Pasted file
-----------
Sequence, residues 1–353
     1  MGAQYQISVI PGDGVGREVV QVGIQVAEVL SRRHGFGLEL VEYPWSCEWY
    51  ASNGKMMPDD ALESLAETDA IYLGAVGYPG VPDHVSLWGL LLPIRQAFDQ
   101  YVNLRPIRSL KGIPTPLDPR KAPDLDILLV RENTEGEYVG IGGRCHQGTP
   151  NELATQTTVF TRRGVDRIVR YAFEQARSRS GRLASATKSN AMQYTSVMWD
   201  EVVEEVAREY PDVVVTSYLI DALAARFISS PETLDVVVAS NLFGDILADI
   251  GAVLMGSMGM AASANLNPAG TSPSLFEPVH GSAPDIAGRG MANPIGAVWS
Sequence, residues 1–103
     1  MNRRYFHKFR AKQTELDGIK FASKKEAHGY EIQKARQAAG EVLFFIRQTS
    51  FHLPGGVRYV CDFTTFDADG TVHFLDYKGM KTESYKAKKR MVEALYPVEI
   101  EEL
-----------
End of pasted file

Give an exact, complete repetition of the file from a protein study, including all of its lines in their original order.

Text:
Sequence, residues 1–353
     1  MGAQYQISVI PGDGVGREVV QVGIQVAEVL SRRHGFGLEL VEYPWSCEWY
    51  ASNGKMMPDD ALESLAETDA IYLGAVGYPG VPDHVSLWGL LLPIRQAFDQ
   101  YVNLRPIRSL KGIPTPLDPR KAPDLDILLV RENTEGEYVG IGGRCHQGTP
   151  NELATQTTVF TRRGVDRIVR YAFEQARSRS GRLASATKSN AMQYTSVMWD
   201  EVVEEVAREY PDVVVTSYLI DALAARFISS PETLDVVVAS NLFGDILADI
   251  GAVLMGSMGM AASANLNPAG TSPSLFEPVH GSAPDIAGRG MANPIGAVWS
Sequence, residues 1–103
     1  MNRRYFHKFR AKQTELDGIK FASKKEAHGY EIQKARQAAG EVLFFIRQTS
    51  FHLPGGVRYV CDFTTFDADG TVHFLDYKGM KTESYKAKKR MVEALYPVEI
   101  EEL